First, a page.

Sean Finley | November 29, 2022
If you are a fan of motorcycle dirt-track racing—or flat track, as many people call it—you will enjoy When Honda Went Dirt Track Racing.
It is a whopping 560 pages of stories, mostly interviews with the people that were part of the era between 1982 and 1993 when Honda made a huge impact on the sport previously dominated by Harley-Davidson. In many ways, it is like the story playing out in American Flat Track ever since Indian entered the series in 2017 and displaced Harley, which had dominated the championship since the last Honda championship in 1993.
The book was published by Chris Carter, founder of the popular specialty motorcycle tool company, Motion Pro. He grew up in Northern California and worked at a shop called A&A Motors starting in high school and later at Rocky Cycle (one of the companies that became part of Tucker Rocky Distributing, now called Tucker Powersports). Both companies were heavily involved with dirt-track racing, and he continued to be involved with the sport via Motion Pro. Carter is a super fan of motorcycle racing and dirt track in particular, and he has an extensive collection of historic motorcycles, including several championship-winning machines. He commissioned Gerald Foster, a British ex-pat that worked for BSA and Triumph before a long career at American Honda.
Foster and Carter worked on this project for several years, compiling the interviews and photos and combing through the Cycle News Archives for the details that tell this story. Like Indian in recent years, Honda dominated the sport of motorcycle dirt-track racing, winning four consecutive championships from 1984 to 1987, which prompted restrictions to try to allow the other brands, primarily Harley-Davidson, to compete. Honda closed down its factory dirt-track team at the end of the 1987 season, but several riders continued to race the Honda RS750 that won those four consecutive championships, and Ricky Graham won the 1993 AMA Grand National Championship on a privateer Honda. It was the late Graham’s third title and Honda’s last.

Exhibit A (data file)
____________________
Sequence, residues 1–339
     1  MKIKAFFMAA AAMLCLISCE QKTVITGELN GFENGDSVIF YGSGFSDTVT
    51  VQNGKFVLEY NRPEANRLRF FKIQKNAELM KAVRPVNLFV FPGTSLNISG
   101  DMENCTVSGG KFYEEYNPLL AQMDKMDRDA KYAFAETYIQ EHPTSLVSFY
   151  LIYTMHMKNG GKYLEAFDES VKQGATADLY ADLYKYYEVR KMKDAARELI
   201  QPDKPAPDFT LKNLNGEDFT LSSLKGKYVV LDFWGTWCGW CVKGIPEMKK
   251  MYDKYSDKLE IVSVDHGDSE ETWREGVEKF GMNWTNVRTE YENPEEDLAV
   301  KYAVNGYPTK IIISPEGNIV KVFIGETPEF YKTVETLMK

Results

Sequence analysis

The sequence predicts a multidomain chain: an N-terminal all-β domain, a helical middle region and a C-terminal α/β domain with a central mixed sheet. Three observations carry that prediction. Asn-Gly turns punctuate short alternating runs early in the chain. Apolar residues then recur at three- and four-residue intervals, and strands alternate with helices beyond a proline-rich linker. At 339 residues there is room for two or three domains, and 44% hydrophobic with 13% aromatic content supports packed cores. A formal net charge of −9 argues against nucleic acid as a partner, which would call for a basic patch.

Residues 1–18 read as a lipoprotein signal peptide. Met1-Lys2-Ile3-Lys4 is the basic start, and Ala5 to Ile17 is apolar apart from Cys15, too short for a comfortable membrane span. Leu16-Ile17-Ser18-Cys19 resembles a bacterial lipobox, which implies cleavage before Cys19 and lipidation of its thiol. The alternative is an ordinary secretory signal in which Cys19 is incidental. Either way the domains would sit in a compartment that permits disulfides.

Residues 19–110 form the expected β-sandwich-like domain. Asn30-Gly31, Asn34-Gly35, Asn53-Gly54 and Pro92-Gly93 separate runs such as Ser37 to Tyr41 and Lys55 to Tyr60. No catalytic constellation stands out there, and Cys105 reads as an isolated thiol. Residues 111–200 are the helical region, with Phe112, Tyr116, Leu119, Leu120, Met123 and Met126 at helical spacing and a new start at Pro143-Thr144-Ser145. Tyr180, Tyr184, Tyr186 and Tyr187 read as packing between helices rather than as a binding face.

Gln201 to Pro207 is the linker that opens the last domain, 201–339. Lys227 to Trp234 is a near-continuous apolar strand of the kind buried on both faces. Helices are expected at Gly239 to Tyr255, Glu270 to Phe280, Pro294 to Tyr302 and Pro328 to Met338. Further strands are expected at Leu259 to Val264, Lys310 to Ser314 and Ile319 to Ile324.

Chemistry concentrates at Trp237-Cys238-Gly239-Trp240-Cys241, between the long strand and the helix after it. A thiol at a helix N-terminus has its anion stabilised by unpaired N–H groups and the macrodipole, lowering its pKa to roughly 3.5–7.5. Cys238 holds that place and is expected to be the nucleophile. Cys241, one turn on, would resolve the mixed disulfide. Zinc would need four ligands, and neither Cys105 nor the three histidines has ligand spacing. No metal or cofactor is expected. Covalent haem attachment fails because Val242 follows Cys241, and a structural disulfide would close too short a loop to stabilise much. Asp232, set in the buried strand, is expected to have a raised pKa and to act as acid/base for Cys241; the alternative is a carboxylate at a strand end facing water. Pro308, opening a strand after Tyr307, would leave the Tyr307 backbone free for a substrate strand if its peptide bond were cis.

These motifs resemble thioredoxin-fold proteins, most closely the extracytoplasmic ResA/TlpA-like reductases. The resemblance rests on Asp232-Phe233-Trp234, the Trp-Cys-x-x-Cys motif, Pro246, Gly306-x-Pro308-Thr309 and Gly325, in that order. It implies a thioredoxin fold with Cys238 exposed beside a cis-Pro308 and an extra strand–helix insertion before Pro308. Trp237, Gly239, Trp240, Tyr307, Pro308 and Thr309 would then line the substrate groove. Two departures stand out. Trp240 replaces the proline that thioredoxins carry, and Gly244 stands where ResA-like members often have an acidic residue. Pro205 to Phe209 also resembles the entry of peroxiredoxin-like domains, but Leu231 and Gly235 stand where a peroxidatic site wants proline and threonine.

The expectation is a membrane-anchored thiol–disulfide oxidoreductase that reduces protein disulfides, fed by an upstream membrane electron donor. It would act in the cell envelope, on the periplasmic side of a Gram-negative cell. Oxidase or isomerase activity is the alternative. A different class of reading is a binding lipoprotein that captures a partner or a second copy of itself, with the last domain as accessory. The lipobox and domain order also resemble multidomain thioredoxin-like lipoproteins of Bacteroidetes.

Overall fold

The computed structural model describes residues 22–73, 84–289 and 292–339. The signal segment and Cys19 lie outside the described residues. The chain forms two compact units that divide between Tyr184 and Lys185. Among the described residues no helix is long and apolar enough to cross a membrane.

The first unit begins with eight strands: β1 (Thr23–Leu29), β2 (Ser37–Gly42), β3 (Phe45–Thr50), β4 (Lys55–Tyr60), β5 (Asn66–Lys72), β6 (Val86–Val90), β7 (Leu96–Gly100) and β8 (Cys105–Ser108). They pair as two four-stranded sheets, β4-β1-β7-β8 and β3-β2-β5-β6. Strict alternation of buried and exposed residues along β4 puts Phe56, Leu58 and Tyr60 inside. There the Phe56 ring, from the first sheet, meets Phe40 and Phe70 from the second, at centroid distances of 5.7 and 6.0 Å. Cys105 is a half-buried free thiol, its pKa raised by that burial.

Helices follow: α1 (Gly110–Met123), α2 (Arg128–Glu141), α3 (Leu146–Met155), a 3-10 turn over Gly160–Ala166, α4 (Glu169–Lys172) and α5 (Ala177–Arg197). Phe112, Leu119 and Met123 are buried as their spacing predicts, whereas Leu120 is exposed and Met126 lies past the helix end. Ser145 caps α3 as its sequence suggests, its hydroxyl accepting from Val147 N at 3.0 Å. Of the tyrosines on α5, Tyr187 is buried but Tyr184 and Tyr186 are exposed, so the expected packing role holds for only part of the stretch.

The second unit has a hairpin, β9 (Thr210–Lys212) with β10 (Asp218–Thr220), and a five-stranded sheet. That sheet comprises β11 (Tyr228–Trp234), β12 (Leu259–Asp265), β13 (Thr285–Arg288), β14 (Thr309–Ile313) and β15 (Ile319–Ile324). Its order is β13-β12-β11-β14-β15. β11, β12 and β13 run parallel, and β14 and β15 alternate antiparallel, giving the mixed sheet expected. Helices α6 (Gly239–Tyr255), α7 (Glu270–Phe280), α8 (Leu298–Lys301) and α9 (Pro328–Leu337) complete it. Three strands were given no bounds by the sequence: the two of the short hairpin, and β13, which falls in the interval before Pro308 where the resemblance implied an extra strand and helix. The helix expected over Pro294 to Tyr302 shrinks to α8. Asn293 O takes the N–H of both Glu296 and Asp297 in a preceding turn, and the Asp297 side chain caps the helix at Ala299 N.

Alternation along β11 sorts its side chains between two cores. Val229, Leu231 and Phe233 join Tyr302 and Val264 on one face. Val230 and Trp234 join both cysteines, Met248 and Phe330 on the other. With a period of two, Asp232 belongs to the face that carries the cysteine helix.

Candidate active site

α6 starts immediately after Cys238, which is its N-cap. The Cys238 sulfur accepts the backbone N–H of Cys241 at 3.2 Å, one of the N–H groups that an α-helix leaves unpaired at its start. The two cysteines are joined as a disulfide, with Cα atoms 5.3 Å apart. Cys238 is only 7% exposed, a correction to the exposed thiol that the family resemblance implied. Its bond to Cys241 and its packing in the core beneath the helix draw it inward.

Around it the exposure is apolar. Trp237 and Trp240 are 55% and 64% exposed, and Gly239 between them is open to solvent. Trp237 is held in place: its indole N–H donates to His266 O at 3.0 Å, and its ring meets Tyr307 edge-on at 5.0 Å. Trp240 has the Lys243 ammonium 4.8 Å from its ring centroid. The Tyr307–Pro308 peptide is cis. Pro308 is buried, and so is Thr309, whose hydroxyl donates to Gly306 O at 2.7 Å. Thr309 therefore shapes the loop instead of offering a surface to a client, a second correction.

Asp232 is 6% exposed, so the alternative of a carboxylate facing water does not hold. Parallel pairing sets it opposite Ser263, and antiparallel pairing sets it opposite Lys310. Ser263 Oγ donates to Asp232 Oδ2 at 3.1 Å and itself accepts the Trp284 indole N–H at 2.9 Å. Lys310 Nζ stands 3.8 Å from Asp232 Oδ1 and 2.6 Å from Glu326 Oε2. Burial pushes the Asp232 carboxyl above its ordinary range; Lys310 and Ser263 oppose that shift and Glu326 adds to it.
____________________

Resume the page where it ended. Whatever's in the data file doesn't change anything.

Standout Feature: Great stories and insight into dirt-track racing and Honda’s racing program from the ’70s and ’80s
List Price: $224.99
|Great historical insight into dirt-track racing and American Honda operations from the late ’70s and ’80s.
|Amazing photography with several restored Honda dirt-track bikes that still look cool today.
|$225 will likely cause some sticker shock. However, with 560 pages, this is really several books worth of content.
I have been a fan of motorcycle racing since I was a kid and followed the sport primarily via Cycle News and the old MotoWorld TV shows. I was in high school during the four-year run that Honda dominated dirt track racing with four championships, so I found it cool to learn a lot more about the back stories behind that era.
This is different from a typical book that you read front to back. It is a compilation of 67 interviews with many of the racers, mechanics, team managers, wives, girlfriends and other people connected to this era of motorcycle dirt-track racing. The interconnected stories and many of the names involved make for compelling reading. Ricky Graham and Bubba Shobert were the riders that won five championships for Honda, but people like Skip Eaken, Rob Muzzy, Doug Chandler, Terry Poovey and countless others you have likely heard of were part of those stories.
The book starts with Dennis McKay, responsible for Honda’s motorcycle-racing programs from 1978 to 1981, and the person credited with getting Honda into dirt-track racing. He handed out some single-cylinder XR500 off-road motorcycle engines to a few racers, including Mickey Fay, who won the TT race at the Houston Astrodome in 1979 on one of those bikes. By 1981, Honda had a factory team racing NS750s that included Freddie Spencer (who went on to win multiple World Road Racing Championships) and Jeff Haney, one of those first riders to race the single-cylinder Honda-powered bikes a few years before. McKay’s stories about the creative budgeting necessary to pull off those early years of Honda’s racing program are fascinating.
There are enough great stories, photos, and old race coverage within this 7.25-pound book to keep you occupied for countless hours of reading, so be warned that you will need time to get through it. But like any good book, you will likely have a hard time stopping.CN
For more information, visit www.motionpro.com
Click here to read the When Honda Went Dirt Track Racing book review in the Cycle News Digital Edition Magazine.
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